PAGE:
Weber State University Honors presented the 14th annual WSU Greek Festival, in conjunction with the Classical Greek Theatre Festival. The festival was initiated as support for the Classical Greek Theatre production hosted by the WSU Department of Performing Arts every fall. The festival offers a series of lectures given by WSU faculty and other events about classical Greek culture.

“Generally, a hundred years ago, if you were getting a good education you would have studied the Greeks, Romans and their languages,” said Caril Jennings, marketing director for WSU Performing Arts. “Now, you have to go somewhere special if you want to do ancient Greek study. A lot of the people that participate in the festival have an interest in ancient Greece, but not the class time to teach it.”

Every spring, Jennings sets out looking for faculty members who want to relate the theatrics of ancient Greeks to their own disciplines.  David Ferro, a professor and dean of the College of Applied Science and Technology at WSU, along with Eric Swedin, an associate professor of integrated studies at WSU, presented a lecture about the Antikythera mechanism, an ancient mechanical computer designed to calculate astronomical positions. Ferro described the Anytikythera mechanism “as a work of art and craftsmanship that was a real accomplishment.”

In 1900, the Antikythera was recovered in a shipwreck from the first or second century B.C. Discovered by sponge divers off the Greek island Antikythera, the shipwreck also produced numerous statues dating back to the fourth century B.C.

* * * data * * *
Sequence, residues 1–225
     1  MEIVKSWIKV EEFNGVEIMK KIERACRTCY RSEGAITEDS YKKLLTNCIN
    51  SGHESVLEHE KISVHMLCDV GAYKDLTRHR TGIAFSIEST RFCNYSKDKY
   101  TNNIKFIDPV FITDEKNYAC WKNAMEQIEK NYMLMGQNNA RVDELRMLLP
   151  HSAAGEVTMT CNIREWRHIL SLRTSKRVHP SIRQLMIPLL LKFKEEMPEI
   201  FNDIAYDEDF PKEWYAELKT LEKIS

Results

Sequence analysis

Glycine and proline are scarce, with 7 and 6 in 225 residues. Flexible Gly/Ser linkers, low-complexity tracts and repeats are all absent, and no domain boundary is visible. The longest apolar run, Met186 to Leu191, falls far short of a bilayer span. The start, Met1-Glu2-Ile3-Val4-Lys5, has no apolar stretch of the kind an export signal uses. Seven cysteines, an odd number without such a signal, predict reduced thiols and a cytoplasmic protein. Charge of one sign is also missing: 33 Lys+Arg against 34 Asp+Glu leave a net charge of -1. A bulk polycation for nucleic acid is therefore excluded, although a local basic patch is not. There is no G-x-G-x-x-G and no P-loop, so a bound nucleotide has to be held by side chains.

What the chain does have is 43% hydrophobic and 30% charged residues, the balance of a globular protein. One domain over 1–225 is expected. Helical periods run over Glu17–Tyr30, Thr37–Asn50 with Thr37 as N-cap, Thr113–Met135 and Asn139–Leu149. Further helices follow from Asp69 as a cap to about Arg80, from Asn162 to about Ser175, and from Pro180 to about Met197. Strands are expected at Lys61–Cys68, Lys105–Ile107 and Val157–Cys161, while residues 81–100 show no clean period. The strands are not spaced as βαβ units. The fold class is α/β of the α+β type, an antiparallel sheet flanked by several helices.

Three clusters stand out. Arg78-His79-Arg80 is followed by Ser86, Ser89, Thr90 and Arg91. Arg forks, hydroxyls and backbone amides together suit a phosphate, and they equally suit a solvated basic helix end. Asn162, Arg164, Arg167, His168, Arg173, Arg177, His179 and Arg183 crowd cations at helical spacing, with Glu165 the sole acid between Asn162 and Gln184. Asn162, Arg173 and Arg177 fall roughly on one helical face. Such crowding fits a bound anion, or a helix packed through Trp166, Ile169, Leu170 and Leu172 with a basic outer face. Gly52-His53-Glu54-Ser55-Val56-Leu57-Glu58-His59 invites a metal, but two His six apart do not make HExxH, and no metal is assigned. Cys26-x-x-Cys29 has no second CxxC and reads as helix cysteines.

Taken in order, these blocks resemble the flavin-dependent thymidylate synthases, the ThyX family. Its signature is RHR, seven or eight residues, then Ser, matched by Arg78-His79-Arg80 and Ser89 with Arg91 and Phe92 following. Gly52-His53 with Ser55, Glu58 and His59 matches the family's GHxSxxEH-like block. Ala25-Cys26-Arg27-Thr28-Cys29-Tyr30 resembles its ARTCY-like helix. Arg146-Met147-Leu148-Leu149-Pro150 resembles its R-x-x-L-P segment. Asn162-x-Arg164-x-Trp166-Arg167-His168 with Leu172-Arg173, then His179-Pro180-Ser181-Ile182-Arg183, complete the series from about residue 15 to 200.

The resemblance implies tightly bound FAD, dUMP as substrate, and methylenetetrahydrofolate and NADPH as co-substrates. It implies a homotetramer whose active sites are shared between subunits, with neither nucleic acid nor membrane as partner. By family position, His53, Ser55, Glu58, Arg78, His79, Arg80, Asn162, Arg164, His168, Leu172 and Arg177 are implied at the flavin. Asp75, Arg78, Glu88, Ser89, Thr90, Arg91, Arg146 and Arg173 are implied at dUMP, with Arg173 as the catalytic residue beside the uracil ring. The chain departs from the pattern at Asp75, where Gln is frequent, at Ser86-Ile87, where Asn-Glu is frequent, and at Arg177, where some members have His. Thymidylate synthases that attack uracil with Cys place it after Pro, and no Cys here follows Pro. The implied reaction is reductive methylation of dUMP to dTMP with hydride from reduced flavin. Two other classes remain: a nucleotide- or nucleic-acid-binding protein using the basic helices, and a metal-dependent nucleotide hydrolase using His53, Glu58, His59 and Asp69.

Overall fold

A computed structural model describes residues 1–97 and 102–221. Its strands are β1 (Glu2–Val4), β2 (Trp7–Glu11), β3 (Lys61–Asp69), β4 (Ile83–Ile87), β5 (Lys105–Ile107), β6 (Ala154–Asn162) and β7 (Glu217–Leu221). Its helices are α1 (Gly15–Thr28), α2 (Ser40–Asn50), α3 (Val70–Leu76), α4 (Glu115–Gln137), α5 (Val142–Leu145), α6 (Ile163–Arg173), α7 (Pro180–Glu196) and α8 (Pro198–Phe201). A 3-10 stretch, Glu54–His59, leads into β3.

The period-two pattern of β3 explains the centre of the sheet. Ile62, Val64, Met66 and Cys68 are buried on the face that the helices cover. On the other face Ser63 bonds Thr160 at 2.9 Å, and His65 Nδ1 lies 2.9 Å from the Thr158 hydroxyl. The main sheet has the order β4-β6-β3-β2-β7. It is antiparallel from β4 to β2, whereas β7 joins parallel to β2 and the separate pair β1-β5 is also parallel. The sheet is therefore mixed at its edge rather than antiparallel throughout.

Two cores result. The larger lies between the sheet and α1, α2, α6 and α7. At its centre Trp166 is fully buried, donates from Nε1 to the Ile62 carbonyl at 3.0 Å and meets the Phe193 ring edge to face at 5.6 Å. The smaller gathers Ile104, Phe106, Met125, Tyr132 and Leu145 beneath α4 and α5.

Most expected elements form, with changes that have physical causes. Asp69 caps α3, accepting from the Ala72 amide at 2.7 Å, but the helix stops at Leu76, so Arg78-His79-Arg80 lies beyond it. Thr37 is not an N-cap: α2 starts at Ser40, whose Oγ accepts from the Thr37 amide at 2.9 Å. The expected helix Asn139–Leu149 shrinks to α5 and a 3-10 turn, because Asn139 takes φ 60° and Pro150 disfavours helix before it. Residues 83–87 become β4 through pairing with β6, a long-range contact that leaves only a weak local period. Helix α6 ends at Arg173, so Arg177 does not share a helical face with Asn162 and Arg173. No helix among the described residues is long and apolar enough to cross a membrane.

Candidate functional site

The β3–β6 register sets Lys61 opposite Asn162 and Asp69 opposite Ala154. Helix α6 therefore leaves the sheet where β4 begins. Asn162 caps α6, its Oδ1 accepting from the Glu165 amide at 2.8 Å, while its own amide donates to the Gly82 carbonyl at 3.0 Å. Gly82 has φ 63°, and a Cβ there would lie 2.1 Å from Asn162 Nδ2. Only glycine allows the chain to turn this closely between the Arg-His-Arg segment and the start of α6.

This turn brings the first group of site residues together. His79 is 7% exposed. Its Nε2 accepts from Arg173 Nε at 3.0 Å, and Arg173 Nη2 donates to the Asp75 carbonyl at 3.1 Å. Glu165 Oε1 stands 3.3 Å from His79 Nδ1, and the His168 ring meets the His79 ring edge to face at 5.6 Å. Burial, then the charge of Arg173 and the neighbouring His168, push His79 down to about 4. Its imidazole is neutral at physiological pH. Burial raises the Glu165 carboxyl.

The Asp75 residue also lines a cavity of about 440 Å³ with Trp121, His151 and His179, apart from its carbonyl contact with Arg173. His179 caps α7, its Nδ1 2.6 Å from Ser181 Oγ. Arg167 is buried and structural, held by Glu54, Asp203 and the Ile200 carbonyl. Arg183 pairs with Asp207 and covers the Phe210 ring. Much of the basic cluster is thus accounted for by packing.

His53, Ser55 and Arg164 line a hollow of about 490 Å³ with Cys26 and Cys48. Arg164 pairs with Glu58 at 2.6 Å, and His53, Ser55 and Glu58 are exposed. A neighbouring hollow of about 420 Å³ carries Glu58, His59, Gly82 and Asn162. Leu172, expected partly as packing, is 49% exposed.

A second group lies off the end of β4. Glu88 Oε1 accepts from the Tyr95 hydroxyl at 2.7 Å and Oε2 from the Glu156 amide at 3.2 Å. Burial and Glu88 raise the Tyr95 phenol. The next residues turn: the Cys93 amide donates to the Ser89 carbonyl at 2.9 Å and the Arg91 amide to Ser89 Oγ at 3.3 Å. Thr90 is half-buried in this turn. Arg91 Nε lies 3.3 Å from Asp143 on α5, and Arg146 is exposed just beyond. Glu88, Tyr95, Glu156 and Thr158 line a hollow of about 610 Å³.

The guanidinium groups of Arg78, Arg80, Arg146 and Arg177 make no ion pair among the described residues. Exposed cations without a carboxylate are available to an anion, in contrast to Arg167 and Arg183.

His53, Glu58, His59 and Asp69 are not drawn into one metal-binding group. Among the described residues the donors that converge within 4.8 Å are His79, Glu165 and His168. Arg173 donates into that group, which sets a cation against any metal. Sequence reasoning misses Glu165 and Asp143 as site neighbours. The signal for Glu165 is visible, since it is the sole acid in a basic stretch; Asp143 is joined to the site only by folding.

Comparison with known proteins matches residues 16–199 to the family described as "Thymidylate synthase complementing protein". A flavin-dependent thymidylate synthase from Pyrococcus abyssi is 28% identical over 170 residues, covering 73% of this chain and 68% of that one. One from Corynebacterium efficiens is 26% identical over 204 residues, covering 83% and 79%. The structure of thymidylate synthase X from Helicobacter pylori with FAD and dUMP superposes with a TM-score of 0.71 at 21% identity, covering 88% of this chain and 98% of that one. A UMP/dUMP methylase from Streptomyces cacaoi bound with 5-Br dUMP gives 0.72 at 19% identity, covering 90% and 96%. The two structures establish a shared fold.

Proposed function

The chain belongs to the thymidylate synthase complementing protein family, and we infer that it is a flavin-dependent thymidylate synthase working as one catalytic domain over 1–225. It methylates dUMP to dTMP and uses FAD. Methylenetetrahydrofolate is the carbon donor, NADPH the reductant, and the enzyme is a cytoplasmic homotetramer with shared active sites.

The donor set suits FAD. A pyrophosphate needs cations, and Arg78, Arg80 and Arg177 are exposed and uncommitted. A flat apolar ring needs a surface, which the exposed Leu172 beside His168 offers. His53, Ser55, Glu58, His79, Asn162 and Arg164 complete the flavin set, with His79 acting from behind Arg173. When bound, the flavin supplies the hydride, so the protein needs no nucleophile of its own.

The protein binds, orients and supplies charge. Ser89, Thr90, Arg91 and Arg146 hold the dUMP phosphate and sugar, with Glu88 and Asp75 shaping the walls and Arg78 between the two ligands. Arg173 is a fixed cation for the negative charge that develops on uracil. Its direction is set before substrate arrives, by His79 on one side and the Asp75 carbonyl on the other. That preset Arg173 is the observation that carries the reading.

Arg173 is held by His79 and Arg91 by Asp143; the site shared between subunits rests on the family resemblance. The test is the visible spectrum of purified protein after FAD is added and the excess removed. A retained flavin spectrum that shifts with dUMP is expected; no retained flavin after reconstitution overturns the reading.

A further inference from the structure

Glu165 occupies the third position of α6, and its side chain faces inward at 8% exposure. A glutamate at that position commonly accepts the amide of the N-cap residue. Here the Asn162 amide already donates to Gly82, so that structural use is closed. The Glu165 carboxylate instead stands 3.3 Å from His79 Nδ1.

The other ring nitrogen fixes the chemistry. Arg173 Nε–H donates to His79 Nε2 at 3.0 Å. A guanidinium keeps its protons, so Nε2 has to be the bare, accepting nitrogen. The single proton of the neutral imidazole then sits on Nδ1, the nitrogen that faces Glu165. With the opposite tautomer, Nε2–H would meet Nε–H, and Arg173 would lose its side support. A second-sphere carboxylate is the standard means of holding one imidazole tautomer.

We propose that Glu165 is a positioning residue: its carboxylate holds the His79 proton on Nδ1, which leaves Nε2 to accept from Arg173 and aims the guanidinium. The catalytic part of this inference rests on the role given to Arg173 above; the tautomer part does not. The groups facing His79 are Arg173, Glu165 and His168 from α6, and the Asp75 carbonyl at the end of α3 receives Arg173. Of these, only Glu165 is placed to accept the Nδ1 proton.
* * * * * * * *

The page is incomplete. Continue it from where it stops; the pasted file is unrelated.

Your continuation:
“This was not a normal ship that the divers found,” Swedin said. “It was filled with really expensive items like vases and art objects.”

The Antikythera was found in pieces made of bronze that were embedded in coral.

“The Greeks recognized that some of them were gears,” he said. “However, gears were not a part of their culture that they used heavily, so for years no one knew what they were.”

It was not until 1951 that British science historian Derek J. de Solla Price started a systematic study of the mechanism. In June of 1959, Price’s first major publication on the mechanism, An Ancient Greek Computer, was published. The publication advanced the theory that the Antikythera mechanism was a device for calculating the motions of stars and planets, which made the device the first known analog computer.

“Computer science might seem like a far leap from performing arts,” said Jennings, “but it is connected through ancient Greece. I like to show that the arts can be connected with anything, and the Greek Festival shows that the ideas that we had so long ago have either been adapted or are very similar to the things that we believe now.”

The reader’s theater performance of Aristophanes’ Wealth is an example of how 2,300-year-old ideas have adapted to modern culture.

“This play depicts rich people and poor,” Jennings said, “and why is it that the bad men have all the money and the honest and hardworking people are so poor? You see that when you read the newspaper every day.”

The festival is a way for faculty and students to share their interest in ancient Greece and to communicate with people to whom they would not ordinarily get the chance to talk.

“Performing art majors do not regularly come in contact with computer science majors,” Jennings said, “and I want people to understand that everything we know ends up being related. We do not learn one thing that is completely separate from everything else.”

This is also the 14th year the festival has coincided with the Ogden community Greek Food Festival, presented by the Holy Transfiguration Greek Orthodox Churchon  Sept. 23-24.

The 2011 Greek Festival production is Euripides’ Iphigenia in Tauris.  It will be held in the Wildcat Theater in the Sheperd Union Building on Sept. 28 at 7:30 p.m. Ticket prices are $8 for students and $11 for all others.

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